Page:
Rishi Sunak scraps home energy efficiency taskforce – BBC

A taskforce to speed up home insulation and boiler upgrades has been disbanded, the BBC can reveal.
The group – which included the chair of the National Infrastructure Commission Sir John Armitt and other leading experts – was only launched in March.
But it appears to be a casualty of Rishi Sunak's decision to scrap energy efficiency regulations for landlords in an overhaul of green policies.
Members were informed in a letter, seen by the BBC, that it was being wound up.
Energy efficiency minister Lord Callanan told the group its work would be "streamlined" into ongoing government activity
A spokesperson for the Energy Security and Net Zero department said: "We would like to thank the Energy Efficiency Taskforce for its work in supporting our ambition to reduce total UK energy demand by 15% from 2021 levels by 2030.
"We have invested £6.6bn in energy efficiency upgrades this Parliament and will continue to support families in making their homes more efficient, helping them to cut bills while also achieving net zero in a pragmatic, proportionate and realistic way."
But former Conservative MP Laura Sandys, who sat on the taskforce, said she was "disappointed" by the decision to disband it and "confused" about the government's intentions on the cost of living.
In a post on X, formerly Twitter, she said energy efficiency must be the "first priority to reduce citizens' costs" and "improve energy security".
A source close to the energy taskforce told the BBC: "The cheapest energy you can have is the stuff you don't use.
"This taskforce was meant to help that – if government is shelving it because recommendations are too challenging for them, then it runs contrary to what the PM said about helping ordinary people and being honest about difficult choices."
Labour's shadow net zero secretary Ed Miliband said: "Every family is paying the price in higher energy bills due to 13 years of Tory failure on insulating homes.
"After Rishi Sunak's track record as chancellor with the disastrous Green Homes Grant, this is another short-sighted decision that will cost families money."
Labour says it would upgrade 19 million of the UK's most poorly-insulated homes over a decade if it gets into power.
The Green Homes Grant was a voucher scheme for insulating homes which was axed in 2021 after being criticised as wasteful and inefficient.
The UK is often described as having some of the oldest and least energy efficient housing in Europe.
In 2020, BBC research found 12 million UK homes were rated D or below on their Energy Performance Certificates, which means they do not meet long-term energy efficiency targets.
This year a BBC investigation found six out of 10 recently inspected UK rental homes failed to meet a proposed new standard for energy efficiency.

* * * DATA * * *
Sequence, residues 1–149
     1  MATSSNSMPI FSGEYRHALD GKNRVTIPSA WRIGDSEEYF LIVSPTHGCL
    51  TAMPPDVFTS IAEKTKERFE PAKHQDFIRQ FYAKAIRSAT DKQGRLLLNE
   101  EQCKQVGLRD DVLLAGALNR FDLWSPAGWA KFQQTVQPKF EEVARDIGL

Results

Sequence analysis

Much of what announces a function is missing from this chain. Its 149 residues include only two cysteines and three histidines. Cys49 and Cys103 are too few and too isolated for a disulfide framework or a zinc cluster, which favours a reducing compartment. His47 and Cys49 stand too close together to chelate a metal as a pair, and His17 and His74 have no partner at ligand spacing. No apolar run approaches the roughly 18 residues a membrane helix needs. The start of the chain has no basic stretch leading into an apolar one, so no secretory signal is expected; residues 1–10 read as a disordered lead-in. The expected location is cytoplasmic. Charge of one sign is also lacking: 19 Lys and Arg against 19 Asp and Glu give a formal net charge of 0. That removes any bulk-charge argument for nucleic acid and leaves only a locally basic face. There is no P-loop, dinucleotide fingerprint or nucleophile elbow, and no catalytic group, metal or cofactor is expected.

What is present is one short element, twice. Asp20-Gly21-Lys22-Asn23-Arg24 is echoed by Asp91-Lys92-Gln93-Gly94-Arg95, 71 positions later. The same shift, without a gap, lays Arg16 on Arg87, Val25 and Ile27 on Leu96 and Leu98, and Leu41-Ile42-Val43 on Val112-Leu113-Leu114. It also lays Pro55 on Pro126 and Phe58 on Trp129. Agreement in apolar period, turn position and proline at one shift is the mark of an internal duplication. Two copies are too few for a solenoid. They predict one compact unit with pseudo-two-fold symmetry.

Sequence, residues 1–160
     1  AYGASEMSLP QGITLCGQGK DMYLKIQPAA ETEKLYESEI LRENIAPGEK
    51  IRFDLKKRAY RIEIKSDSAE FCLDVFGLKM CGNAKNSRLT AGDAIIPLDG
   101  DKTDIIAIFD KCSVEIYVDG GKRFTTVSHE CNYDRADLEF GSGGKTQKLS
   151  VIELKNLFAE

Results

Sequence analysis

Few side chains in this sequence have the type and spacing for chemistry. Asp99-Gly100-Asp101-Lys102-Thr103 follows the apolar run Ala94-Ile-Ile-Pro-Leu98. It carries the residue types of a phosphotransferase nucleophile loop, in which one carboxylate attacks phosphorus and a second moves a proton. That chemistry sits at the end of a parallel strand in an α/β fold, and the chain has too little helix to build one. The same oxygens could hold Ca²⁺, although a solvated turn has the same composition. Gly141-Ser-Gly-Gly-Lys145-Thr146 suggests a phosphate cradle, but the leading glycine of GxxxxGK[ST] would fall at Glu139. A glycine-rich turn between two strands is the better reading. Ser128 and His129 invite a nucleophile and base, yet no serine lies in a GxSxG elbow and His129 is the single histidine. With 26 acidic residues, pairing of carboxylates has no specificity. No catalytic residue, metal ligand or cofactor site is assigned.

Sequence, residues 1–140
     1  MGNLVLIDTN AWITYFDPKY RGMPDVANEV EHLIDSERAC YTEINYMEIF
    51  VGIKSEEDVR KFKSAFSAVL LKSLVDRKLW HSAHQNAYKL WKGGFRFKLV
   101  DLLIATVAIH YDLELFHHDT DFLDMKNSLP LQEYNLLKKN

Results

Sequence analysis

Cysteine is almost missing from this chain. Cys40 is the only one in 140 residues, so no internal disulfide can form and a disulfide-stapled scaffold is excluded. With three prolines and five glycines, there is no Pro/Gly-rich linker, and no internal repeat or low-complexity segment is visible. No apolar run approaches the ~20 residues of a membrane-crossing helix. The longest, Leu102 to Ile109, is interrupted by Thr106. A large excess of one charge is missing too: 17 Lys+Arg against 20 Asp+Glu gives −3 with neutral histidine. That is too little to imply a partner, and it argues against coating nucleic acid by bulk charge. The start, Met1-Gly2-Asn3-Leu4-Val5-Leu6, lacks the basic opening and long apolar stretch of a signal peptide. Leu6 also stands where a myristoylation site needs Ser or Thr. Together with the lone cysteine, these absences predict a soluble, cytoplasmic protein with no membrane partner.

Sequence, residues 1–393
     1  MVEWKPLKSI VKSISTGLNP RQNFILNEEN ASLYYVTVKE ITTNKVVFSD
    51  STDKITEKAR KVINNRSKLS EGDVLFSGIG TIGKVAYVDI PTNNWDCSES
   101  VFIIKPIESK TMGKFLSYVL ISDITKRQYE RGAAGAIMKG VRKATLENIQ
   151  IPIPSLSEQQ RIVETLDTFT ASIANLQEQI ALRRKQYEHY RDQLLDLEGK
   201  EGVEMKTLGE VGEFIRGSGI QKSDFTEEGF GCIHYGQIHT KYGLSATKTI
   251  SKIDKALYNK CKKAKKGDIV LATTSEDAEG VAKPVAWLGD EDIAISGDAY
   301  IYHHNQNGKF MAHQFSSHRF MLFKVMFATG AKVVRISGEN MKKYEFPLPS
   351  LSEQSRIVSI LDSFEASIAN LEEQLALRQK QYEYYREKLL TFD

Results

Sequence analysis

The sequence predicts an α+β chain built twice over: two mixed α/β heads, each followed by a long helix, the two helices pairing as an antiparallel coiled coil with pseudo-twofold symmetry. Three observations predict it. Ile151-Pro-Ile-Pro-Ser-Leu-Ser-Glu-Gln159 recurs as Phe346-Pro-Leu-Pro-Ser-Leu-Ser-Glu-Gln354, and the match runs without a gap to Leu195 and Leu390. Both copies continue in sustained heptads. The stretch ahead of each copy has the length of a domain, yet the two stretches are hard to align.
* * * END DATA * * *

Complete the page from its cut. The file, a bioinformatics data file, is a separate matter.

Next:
The prime minister has now pledged to scrap policies that would force landlords to upgrade energy efficiency in their homes, after pressure from landlords about the costs of doing so, but said the government would "encourage" households to carry out the work.
The old policy was that from 2025, new tenancies would only be possible on properties with an Energy Performance Certificate (EPC) of C or higher – from 2028, this would apply to existing tenancies as well. Both have been scrapped.
The government's energy efficiency taskforce was first announced by Chancellor Jeremy Hunt at his last Autumn statement.
It was asked by ministers to come up with a plan to reduce energy demand by 15% from 2021 levels by 2030 across domestic and commercial buildings.
When it was announced, the government said this would cut bills and help push down inflation and would include "accelerating household insulation and boiler upgrades."
It was chaired by Alison Rose, who was chief executive of Nat West bank at the time (she was forced out of the bank in July after a row over Nigel Farage's bank account).
The taskforce's membership included Sir John Armitt; head of leading housebuilder Barratt Developments, David Thomas; and leading experts from the University of Salford, the UK Green Building Council and National Energy Action.
Lord Callanan wrote to members of the group on Friday saying co-chair Dame Alison Rose would not be replaced and the group would be dissolved.
He told them the work their work to date had not been "wasted" and that "draft recommendations will be instrumental in driving forward this important agenda."
Energy analyst Jess Ralston at non-profit group the Energy and Climate Intelligence Unit told the BBC: "This appears to be yet another U-turn that could lead to higher bills just like the prime minister's decision last week to roll back landlord insulation standards that could leave renters paying an additional £8bn on energy bills."
She added: "gas boiler and petrol car phase-out weren't set to have any impact on cost of living for struggling families for more than a decade".
Additional reporting: Joshua Nevitt
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